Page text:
Medical marijuana has evolved into a state vs. federal law argument, with the notable example of a thriving medical marijuana industry in California.
Aside from California, 13 other states allow use of marijuana for medical reasons ranging from anxiety and insomnia to glaucoma and cancer- Alaska, California, Colorado, Hawaii, Maine, Maryland, Michigan, Montana, Nevada, New Mexico, Oregon, Rhode Island, Vermont and Washington. Colorado is also notable for the presence of dispensaries, and Rhode Island and New Mexico are working on licensing providers for medical marijuana.
Attorney General Eric Holder stated in March that feds should pursue medical marijuana users that violate federal laws, but a memo was expected to be sent to states advising that prosecuting medical marijuana cases is not a prudent usage of law enforcement manpower. While those who are operating within state guidelines can breathe a little more easily, feds acknowldge they will be just as aggressive in pursuing parties that use medical marijuana as a cover for other illegal activity.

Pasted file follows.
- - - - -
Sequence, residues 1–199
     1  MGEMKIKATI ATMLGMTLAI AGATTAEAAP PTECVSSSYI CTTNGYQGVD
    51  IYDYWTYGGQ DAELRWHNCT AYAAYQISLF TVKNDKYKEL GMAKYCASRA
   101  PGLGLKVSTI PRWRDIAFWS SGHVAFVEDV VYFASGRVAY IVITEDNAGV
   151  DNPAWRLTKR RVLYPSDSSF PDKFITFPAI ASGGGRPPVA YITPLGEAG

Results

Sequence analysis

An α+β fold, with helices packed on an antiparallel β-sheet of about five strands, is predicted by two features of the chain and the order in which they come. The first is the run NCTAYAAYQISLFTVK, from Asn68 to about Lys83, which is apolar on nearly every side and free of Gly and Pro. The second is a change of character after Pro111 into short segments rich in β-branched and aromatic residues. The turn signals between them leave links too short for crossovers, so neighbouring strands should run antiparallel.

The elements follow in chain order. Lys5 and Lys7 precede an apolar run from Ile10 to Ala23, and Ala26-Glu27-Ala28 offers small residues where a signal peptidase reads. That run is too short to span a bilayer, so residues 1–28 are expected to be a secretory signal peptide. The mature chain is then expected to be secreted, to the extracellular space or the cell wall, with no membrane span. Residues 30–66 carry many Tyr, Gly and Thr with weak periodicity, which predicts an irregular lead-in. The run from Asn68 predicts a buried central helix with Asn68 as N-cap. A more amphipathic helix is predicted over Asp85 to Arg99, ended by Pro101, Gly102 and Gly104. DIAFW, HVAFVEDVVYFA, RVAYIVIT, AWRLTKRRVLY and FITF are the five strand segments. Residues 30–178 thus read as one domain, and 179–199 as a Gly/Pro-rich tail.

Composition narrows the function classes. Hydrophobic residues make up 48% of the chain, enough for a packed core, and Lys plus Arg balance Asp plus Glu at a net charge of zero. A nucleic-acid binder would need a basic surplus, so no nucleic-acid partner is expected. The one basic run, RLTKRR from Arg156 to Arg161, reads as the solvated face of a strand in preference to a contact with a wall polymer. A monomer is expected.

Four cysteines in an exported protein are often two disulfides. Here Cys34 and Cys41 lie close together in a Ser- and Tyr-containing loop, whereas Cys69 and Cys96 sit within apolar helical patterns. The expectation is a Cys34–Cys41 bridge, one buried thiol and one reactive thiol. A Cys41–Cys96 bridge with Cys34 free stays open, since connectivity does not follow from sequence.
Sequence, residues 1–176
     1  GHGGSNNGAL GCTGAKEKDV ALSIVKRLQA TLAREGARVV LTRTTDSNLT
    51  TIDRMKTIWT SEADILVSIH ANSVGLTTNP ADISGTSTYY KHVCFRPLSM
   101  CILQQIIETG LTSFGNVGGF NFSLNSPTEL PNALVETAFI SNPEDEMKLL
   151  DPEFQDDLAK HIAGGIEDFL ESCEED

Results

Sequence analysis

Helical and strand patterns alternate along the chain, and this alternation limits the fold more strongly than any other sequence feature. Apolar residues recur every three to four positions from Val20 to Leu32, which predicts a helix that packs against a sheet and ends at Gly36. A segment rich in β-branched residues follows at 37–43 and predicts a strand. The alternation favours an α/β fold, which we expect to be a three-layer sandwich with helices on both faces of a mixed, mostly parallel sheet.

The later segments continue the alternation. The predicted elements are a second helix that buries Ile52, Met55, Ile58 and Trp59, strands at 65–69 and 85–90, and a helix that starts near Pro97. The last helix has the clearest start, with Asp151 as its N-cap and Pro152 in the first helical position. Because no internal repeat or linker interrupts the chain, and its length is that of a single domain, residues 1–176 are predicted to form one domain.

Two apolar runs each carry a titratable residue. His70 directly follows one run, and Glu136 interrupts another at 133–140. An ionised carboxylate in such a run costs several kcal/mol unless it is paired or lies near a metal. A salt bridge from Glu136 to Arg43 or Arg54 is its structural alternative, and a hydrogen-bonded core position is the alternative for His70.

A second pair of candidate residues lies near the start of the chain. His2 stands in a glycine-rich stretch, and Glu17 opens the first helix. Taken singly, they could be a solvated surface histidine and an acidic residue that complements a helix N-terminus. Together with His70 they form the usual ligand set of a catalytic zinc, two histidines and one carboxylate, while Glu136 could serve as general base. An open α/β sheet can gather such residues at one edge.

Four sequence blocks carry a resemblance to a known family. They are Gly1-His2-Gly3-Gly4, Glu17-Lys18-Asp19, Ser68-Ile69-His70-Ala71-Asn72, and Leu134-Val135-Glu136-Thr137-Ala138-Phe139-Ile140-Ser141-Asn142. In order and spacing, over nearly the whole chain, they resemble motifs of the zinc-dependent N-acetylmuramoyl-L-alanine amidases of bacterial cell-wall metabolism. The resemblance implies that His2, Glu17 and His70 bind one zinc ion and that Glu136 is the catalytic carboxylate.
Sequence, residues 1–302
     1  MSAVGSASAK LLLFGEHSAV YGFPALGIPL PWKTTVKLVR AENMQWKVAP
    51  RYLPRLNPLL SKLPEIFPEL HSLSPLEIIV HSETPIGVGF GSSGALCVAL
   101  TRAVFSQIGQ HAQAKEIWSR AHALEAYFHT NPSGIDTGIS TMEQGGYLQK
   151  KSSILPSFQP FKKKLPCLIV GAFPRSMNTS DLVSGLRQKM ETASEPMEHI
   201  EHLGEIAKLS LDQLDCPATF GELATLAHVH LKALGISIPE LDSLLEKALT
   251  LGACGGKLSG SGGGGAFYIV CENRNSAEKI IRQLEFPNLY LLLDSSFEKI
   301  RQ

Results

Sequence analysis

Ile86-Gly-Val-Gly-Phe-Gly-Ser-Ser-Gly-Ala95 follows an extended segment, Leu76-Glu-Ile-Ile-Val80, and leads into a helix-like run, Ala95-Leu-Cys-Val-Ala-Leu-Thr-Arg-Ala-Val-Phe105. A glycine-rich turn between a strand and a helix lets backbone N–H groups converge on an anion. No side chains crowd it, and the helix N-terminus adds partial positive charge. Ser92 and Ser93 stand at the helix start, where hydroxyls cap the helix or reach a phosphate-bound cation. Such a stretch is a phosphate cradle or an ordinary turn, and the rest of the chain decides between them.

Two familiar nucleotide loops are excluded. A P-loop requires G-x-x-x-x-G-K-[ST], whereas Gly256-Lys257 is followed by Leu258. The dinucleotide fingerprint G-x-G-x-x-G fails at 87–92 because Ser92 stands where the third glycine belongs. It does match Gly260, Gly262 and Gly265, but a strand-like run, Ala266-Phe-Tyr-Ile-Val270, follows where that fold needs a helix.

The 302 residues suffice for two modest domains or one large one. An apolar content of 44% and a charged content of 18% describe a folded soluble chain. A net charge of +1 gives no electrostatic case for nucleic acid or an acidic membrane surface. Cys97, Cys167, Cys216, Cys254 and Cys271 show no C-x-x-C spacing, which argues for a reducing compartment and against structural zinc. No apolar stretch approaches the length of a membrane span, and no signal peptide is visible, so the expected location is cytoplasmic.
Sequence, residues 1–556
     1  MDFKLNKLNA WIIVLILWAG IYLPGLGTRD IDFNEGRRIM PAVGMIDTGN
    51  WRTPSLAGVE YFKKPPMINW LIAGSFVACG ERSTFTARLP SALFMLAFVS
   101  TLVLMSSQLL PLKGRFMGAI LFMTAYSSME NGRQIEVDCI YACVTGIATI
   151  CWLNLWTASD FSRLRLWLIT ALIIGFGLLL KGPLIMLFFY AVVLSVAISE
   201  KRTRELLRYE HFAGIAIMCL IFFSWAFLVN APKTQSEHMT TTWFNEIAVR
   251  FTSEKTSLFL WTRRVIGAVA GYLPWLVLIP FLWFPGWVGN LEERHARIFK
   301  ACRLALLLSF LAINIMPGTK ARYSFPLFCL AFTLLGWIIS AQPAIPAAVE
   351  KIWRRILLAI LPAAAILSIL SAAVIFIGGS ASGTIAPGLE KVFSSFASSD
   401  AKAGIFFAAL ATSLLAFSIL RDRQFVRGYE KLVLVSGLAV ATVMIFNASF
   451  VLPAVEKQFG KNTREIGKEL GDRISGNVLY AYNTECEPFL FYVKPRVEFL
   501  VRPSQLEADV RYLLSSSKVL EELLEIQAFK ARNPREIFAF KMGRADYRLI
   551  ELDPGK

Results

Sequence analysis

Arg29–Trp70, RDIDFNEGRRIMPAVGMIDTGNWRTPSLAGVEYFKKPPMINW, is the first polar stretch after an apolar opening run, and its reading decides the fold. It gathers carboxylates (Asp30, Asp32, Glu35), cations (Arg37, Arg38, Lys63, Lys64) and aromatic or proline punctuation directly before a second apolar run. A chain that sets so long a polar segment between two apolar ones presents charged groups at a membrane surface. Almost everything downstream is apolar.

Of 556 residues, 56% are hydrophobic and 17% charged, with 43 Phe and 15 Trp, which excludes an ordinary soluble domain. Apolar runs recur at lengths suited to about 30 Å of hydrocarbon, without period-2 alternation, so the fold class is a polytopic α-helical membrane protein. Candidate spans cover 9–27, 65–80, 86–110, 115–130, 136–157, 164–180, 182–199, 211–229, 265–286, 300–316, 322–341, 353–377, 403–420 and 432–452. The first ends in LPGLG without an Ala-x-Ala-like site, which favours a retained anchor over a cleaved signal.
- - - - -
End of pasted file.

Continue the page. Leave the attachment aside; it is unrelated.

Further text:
Holder clarified the change of heart and policy in a statement:
“It will not be a priority to use federal resources to prosecute patients with serious illnesses or their caregivers who are complying with state laws on medical marijuana, but we will not tolerate drug traffickers who hide behind claims of compliance with state law to mask activities that are clearly illegal,” Holder said in a statement accompanying the new guidelines. “This balanced policy formalizes a sensible approach that the Department has been following since January: effectively focus our resources on serious drug traffickers while taking into account state and local laws.”